Or perhaps get a free quote and some advice before you start from one of Moving and Improving's party wall surveyors
4. Have you considered the existing property structure?
Ask your surveyor or a structural engineer to take a look at the structural condition of your property including existing walls and foundations to make sure they are strong enough to take a basement excavation or conversion. If the ground is excavated, the foundations of your house will need underpinning , while the walls may need strengthening with supporting beams.
5. Is your house type suitable for a basement conversion?
Check with a surveyor that you have the right property type for a basement. Some older houses with shallow foundations may need underpinning first to ensure safety before excavations can begin. Victorian houses with suspended timber floors work exceedingly well since most of the renovation work can be carried out from outside. Modern townhouses or terraced houses built on raft foundations, by contrast, can’t be underpinned and are therefore not suitable for basement excavations.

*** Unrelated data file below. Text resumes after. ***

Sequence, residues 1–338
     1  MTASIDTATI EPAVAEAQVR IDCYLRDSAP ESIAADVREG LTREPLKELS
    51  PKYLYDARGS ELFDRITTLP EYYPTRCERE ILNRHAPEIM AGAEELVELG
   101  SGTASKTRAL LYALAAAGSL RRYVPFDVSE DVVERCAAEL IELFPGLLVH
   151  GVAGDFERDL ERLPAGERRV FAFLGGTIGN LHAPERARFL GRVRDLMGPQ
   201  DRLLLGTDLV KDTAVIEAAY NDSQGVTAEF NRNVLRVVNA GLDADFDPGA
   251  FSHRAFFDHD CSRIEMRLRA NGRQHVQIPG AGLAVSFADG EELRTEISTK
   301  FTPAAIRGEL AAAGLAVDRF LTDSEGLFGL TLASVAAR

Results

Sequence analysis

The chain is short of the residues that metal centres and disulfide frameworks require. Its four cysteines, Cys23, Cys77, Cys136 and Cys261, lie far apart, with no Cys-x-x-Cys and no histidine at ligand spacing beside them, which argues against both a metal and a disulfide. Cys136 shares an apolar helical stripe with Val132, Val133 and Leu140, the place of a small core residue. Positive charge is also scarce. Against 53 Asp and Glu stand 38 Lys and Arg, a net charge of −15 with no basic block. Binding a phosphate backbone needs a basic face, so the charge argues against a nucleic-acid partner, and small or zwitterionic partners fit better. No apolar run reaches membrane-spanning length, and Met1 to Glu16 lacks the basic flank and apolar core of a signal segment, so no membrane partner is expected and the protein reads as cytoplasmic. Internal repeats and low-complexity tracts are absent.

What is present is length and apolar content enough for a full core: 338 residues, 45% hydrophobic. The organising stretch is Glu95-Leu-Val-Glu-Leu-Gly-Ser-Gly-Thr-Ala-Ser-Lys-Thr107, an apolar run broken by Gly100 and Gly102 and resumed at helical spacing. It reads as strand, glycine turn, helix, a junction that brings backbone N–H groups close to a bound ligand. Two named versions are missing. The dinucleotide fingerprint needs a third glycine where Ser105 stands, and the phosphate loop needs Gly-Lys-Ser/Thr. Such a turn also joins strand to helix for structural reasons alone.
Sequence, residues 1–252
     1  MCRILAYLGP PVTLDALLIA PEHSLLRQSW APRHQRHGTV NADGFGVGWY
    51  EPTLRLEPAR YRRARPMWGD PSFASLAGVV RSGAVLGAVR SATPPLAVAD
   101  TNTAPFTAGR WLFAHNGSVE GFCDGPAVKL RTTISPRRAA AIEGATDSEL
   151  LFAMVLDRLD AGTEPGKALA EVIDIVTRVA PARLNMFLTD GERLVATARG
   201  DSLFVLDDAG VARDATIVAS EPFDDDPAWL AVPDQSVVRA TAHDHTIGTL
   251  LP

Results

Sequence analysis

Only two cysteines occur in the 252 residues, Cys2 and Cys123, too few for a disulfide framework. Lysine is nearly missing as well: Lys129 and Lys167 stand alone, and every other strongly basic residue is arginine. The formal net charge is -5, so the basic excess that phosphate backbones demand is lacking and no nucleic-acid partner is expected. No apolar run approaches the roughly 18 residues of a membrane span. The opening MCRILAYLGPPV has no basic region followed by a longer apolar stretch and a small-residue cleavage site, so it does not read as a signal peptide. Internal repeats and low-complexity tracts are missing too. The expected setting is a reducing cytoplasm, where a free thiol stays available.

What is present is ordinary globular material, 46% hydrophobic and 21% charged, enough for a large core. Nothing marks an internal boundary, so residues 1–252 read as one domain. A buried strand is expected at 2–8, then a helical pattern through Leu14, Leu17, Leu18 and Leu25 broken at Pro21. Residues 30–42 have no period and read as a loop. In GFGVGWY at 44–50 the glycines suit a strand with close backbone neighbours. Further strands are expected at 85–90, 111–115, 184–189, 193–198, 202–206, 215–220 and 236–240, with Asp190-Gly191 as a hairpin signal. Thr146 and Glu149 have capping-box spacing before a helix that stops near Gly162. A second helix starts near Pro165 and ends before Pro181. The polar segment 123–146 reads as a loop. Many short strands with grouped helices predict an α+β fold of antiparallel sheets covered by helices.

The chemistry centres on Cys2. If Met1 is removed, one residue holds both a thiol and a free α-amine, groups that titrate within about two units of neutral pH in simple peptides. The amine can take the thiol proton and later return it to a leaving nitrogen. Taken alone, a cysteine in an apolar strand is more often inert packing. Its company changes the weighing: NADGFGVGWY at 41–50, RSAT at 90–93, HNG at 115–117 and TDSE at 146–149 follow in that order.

6. Do you have the right soil type and ground conditions for a basement?
Speak with your local building control officer to determine the suitability of local ground conditions for your building plans. Stone, clay or sand around your property can cause problems when it comes to installing solid floors. A high water table, or soils with a high or low water content will need additional waterproofing and specialist construction methods, which may make the project unviable.
7. Will drainage constitute a problem?
Protection from groundwater is essential to prevent damp and flooding. You should ensure that any slopes incline away from the building, diverting drains to redirect water away from your basement. Waterproofing may take the form of a cavity membrane to trap damp and channels moisture down the side of the basement walls to a sump. Alternatively, tanking and waterproof membranes may be applied. Foul water must be collected in a sump and pumped into the sewer which will probably be above ground level.